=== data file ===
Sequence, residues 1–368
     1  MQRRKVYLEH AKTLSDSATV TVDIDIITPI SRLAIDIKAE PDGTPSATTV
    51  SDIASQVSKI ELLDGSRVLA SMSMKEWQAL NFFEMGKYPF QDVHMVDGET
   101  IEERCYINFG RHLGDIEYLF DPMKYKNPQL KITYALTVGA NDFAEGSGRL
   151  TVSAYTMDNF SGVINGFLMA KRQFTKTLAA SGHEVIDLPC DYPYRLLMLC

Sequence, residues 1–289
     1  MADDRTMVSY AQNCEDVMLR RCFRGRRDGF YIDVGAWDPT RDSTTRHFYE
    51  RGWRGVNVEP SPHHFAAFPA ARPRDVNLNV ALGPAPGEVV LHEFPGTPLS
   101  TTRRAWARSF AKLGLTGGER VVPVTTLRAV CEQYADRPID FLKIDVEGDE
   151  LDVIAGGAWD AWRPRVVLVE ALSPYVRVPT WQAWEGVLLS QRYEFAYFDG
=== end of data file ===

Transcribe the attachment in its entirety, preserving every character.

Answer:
Sequence, residues 1–368
     1  MQRRKVYLEH AKTLSDSATV TVDIDIITPI SRLAIDIKAE PDGTPSATTV
    51  SDIASQVSKI ELLDGSRVLA SMSMKEWQAL NFFEMGKYPF QDVHMVDGET
   101  IEERCYINFG RHLGDIEYLF DPMKYKNPQL KITYALTVGA NDFAEGSGRL
   151  TVSAYTMDNF SGVINGFLMA KRQFTKTLAA SGHEVIDLPC DYPYRLLMLC

Sequence, residues 1–289
     1  MADDRTMVSY AQNCEDVMLR RCFRGRRDGF YIDVGAWDPT RDSTTRHFYE
    51  RGWRGVNVEP SPHHFAAFPA ARPRDVNLNV ALGPAPGEVV LHEFPGTPLS
   101  TTRRAWARSF AKLGLTGGER VVPVTTLRAV CEQYADRPID FLKIDVEGDE
   151  LDVIAGGAWD AWRPRVVLVE ALSPYVRVPT WQAWEGVLLS QRYEFAYFDG